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BLOSS C.A. Heroines of the Crusades


Sir John Froissart's Chronicles of England, France, Spain and the Ajoining Countries from the latter part of the reign of Edward II to the coronation of Henry IV in 12 volumes 

Chronicles of Enguerrand De Monstrelet (Sir John Froissart's Chronicles continuation) in 13 volumes 

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Heroines of the Crusades
page 222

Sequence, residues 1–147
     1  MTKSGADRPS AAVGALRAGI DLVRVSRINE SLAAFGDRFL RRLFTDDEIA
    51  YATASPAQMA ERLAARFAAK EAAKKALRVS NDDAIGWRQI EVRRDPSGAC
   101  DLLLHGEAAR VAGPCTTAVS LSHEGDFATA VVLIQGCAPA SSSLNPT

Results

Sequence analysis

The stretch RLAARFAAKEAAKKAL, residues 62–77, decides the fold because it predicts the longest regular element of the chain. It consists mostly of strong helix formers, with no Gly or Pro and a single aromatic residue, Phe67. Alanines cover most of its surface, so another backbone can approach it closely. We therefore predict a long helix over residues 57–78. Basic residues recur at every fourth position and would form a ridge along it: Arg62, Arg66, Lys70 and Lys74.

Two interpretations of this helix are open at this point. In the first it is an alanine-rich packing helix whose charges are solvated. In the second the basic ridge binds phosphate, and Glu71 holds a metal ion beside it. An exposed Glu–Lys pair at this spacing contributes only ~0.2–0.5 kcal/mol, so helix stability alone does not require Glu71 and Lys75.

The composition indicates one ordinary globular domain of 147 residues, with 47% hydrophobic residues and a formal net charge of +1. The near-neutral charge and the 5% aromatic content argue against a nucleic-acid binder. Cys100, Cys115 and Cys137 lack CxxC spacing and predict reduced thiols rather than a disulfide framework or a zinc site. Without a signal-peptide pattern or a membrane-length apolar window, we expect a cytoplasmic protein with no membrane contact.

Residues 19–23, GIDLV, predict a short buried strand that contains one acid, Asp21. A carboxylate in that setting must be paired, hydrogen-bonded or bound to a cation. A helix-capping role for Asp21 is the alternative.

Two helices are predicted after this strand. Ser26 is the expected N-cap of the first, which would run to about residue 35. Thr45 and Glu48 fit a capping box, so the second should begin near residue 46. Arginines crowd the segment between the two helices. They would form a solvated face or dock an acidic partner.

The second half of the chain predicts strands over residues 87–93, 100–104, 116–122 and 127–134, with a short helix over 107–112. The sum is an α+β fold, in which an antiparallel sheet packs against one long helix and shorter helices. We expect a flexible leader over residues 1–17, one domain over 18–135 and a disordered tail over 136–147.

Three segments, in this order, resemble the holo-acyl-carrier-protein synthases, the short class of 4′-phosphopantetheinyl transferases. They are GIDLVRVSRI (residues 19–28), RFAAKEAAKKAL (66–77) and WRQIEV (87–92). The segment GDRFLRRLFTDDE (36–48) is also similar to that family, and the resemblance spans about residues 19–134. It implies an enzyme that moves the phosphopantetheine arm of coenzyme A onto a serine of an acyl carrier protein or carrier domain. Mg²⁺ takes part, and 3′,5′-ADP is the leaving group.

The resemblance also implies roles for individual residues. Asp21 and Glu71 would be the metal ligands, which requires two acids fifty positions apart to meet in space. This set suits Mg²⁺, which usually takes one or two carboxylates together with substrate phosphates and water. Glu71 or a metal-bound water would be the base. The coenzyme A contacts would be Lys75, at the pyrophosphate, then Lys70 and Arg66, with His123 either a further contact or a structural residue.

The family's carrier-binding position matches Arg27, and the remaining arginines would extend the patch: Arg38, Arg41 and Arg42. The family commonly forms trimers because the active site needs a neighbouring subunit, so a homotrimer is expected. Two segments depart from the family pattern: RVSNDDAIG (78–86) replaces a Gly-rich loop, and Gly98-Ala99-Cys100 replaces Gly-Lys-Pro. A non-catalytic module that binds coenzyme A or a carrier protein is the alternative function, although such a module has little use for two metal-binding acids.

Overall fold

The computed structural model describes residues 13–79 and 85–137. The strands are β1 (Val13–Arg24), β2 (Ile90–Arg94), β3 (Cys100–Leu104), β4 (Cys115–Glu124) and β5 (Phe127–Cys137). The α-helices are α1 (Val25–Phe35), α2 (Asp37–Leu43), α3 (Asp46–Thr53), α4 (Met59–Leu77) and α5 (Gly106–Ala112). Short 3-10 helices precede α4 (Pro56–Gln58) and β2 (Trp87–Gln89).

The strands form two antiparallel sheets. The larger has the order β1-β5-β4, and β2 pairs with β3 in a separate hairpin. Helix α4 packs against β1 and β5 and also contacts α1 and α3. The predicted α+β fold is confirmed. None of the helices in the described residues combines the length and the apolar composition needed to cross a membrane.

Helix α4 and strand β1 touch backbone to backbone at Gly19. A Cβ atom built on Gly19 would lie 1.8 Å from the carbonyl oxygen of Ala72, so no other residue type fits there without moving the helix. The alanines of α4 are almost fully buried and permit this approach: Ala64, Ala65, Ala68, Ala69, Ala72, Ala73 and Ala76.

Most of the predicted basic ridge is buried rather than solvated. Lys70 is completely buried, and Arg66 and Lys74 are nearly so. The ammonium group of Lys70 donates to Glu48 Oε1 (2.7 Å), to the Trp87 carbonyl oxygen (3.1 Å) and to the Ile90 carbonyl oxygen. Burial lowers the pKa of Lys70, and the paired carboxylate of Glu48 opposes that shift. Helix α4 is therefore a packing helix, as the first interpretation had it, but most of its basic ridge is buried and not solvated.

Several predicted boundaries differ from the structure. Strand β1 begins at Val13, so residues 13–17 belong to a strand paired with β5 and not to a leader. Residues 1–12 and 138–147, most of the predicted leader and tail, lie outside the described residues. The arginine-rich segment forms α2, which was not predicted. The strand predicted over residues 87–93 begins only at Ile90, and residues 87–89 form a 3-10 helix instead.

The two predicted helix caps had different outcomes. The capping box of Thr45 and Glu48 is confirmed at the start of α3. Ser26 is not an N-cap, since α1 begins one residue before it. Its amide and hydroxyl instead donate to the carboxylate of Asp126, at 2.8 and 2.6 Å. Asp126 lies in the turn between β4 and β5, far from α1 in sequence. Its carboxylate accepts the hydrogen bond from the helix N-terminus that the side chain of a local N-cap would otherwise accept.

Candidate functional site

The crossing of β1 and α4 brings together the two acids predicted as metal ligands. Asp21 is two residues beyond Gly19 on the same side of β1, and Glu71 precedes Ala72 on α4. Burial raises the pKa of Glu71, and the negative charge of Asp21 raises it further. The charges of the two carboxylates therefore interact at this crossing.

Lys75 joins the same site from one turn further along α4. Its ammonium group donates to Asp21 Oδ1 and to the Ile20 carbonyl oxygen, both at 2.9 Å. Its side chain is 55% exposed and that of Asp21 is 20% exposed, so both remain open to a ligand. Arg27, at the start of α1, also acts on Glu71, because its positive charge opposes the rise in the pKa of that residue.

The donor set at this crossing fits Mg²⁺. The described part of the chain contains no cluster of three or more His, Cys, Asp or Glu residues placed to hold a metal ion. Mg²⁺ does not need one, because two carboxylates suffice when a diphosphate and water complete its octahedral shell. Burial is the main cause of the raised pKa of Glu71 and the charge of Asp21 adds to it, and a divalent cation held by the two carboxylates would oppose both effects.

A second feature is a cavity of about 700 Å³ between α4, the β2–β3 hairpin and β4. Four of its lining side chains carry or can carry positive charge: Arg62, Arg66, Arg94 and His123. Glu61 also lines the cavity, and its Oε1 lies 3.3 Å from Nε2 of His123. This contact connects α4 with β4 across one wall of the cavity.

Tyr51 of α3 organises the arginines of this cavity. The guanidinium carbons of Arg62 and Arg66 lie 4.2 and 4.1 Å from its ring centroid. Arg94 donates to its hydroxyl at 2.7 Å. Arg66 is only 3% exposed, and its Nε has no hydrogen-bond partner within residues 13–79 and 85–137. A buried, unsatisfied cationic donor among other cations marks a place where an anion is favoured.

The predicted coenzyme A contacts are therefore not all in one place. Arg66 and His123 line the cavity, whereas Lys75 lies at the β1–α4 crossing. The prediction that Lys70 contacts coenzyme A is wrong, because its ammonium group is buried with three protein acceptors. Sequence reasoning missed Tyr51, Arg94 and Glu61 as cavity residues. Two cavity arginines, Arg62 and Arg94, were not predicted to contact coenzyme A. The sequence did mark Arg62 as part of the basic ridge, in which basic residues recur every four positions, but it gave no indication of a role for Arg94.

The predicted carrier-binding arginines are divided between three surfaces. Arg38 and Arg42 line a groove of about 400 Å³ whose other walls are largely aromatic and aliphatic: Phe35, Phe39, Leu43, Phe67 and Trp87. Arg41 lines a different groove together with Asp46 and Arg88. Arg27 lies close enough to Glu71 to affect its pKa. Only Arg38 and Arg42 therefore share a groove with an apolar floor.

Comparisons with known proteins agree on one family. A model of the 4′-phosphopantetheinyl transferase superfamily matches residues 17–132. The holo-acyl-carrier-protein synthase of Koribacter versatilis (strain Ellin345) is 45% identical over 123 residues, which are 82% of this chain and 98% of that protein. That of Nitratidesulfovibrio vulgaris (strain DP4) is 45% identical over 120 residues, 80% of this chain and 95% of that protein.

compose thyself to rest. The leech saith that sleep is the best medicine for these Syrian maladies." " Talk of sleep to the steed that hears the war trump, but speak not of rest and quiet to Richard while the ban-ner of Islam floats in sight of the Christian camp. But for this cursed fever I should have stood beside the noble Al-beric, and my gallant Knights of the Blue Thong on the walls of Acre." Berengaria repressed an involuntary shudder. "Nay then, must I thank God for the fever, since else, we had this night to bewail not the loss of the French count alone, but the destruction of the bulwark of Christendom." " Thou reasonest like a woman, as thou art," said Rich-ard, in a petulant tone. " Thinkest thou the English curtel axe no better weapon than a Gascon's spear ?" " !My woman's reason follows the fears of my woman's heart," said the queen, her eyes filling with tears, " and teaches me were Richard gone, both Palestine and Beren-garia would lie at the mercy of the French king." " By my halidome thou speakest truth," said Richard, tossing uneasily upon his side. " Therefore it chafes me to lie here inactive, lest perchance the crafty Philip first plant his standard upon the towers of Acre." Feeling her utter inability to select topics in which the irascible monarch would not find causes of irritation, Be-rengaria summoned his favorite Blondel with the lute. But scarcely had Richard consented to listen to a Provençal chanson when the Earl of Salisbury entered. "Ha! Longespee," exclaimed the monarch, "thou hast tidings from the leaders of the christian host." At the first entrance of Richard's warlike brother Beren-garia had retired so as to be invisible to her lord, and mo-tioned to silence. Hastily returning Richard's salutation, "William conferred apart for a few moments with the queen and Joanna. f, » " The malady increases," said she, in much agitation. " Chafe him not with ill tidings, I do beseech thee. Al- BERENGARIA OF NAVARRE. 233

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